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-   -   PC on a Tap (https://forum.officiating.com/basketball/28486-pc-tap.html)

rainmaker Mon Sep 25, 2006 11:57pm

PC on a Tap
 
Is it everyone's understanding but mine, that there can be no PC on a tap? I don't see it anywhere in the rule or casebooks, I don't see where there's anything that talks about player control on a tap. But I'm writing an article on the Handbook, and I found a place where it says there can be no PC foul on a tap, since there is no player control. Help?!?

rainmaker Mon Sep 25, 2006 11:59pm

Okay, under 4-12 it defines player control as being "holding or dribbling", so I suppose that excludes a tap. But there's nothing specific. Why couldn't this be stated more explicitly? (This is a rhetorical question, I already know the answer!)

JRutledge Tue Sep 26, 2006 12:08am

Juulie,

It is pretty simple if you think about it. The airborne shooter rule is the rule applies to a tap as well as a try.

If you look in the NF Simplified and Illustrated book on page 55, the NF clearly references a tap and an airborne shooter committing a PC foul.

The book references 4-41-1, 5, 6, and 7.

Peace

rainmaker Tue Sep 26, 2006 12:13am

Well, that's how I would have interpreted the whole thing, but whoever wrote the Handbook clearly doesn't agree. Could the Handbook be just plain wrong? Seems pretty weird to me. I mean for a certain paper periodical to get an interp wrong I can understand, and they do it regularly, from what I understand. But for the NFHS themselves to contradict them selves so blatantly, seems just plain scary.

Camron Rust Tue Sep 26, 2006 12:23am

Perhaps, the Handbook (which I don't have with me) is refering to the time before a tap when any foul would be a common foul.

I believe at one time, a tap was not subject to a PC foul as was a traditional try...Jurrassic may remember.

rainmaker Tue Sep 26, 2006 12:27am

Quote:

Originally Posted by Camron Rust
Perhaps, the Handbook (which I don't have with me) is refering to the time before a tap when any foul would be a common foul.

I believe at one time, a tap was not subject to a PC foul as was a traditional try...Jurrassic may remember.

It says the player control foul "applies only to a common foul committed by a player while he/she is in control or by an airborne shooter. This does not apply if the foul is committed during a tap ...." So it seems pretty clear what they intended to say. Okay, so maybe the Handbook is just a little behind the times. At least, I HOPE it's only a little behind.

Jurassic Referee Tue Sep 26, 2006 01:40am

A "tip" or a "tap", Juulie? The rule book uses both terms.:D

See case book play 6.7COMMENT.

rainmaker Tue Sep 26, 2006 04:29pm

Quote:

Originally Posted by Jurassic Referee
A "tip" or a "tap", Juulie? The rule book uses both terms.:D

See case book play 6.7COMMENT.

Interesting. The quote I took from the handbook says "tap", and appears to apply to the sort of move a person would try when there is less than .3 on the clock, and they want to get the ball into the basket for some points. Your reference clearly distinguishes between a "tip" and a "tap", as you obviously noticed, so it seems possible that the handbook has a typo, or a misunderstanding about the differences between the two. I like Camron's suggestion, though, that it's left over from some years ago. Perhaps then a tap wasn't so clearly defined, and tip and tap were interchangable.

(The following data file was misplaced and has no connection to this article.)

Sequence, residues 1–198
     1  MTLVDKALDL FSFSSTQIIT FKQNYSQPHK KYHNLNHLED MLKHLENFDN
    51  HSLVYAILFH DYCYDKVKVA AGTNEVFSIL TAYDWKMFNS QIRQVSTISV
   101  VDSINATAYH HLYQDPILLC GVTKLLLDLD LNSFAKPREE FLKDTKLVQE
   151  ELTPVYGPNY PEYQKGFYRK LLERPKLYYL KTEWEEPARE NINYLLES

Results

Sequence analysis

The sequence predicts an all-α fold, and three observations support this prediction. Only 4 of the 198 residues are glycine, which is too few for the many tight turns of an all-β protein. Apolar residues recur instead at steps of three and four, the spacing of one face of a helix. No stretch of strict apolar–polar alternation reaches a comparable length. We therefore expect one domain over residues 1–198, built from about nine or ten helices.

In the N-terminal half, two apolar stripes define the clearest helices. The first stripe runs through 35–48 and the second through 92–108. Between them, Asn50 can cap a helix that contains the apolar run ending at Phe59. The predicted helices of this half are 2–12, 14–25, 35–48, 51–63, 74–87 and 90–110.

Darn. All this tipping and tapping, and I need my top hat and cane. Please don't watch, though. It's not even remotely edifying!

Jurassic Referee Tue Sep 26, 2006 07:15pm

There can be a PC foul on a "tap". A tap is a controlled act and it and is considered the same as a try. Therefore the "airborne shooter" rules apply and you can have a PC foul. See rule 4-41, 4-1 and 4-19-6.

There can't be a PC foul on a "tip". A "tip" is regarded as being the same as as batting the ball during a rebound or a jump ball, and it is <b>not</b> considered as being a try. Therefore the "airbone shooter" or continuous motion" rules do not apply on a tip.That's what case book play 6.7COMMENT is saying.

<i>Capisce?</i>

Camron Rust Tue Sep 26, 2006 10:05pm

Quote:

Originally Posted by Jurassic Referee
There can be a PC foul on a "tap". A tap is a controlled act and it and is considered the same as a try. Therefore the "airborne shooter" rules apply and you can have a PC foul. See rule 4-41, 4-1 and 4-19-6.

There can't be a PC foul on a "tip". A "tip" is regarded as being the same as as batting the ball during a rebound or a jump ball, and it is not considered as being a try. Therefore the "airbone shooter" or continuous motion" rules do not apply on a tip.That's what case book play 6.7COMMENT is saying.

Capisce?

And the tap isn't a tap until the player makes contact with the ball. Before that point, it's a loose ball that is not in team control. If a foul occurs before the ball contact, it's a common foul.

rainmaker Tue Sep 26, 2006 10:12pm

Okay, I understand the rule, and I appreciate the explanations. Now what about the handbook? Does "it just hasn't been updated lately" explain the problems? Is this worth pointing out to the Fed? And should someone comb through and find all the problems, or is the handbook just a meaningless piece of kindling?

Jurassic Referee Wed Sep 27, 2006 12:19am

Quote:

Originally Posted by rainmaker
Okay, I understand the rule, and I appreciate the explanations. Now what about the handbook? Does "it just hasn't been updated lately" explain the problems? Is this worth pointing out to the Fed? And should someone comb through and find all the problems, or is the handbook just a meaningless piece of kindling?

I'll leave all that to someone who might actually give a sh!t.:D


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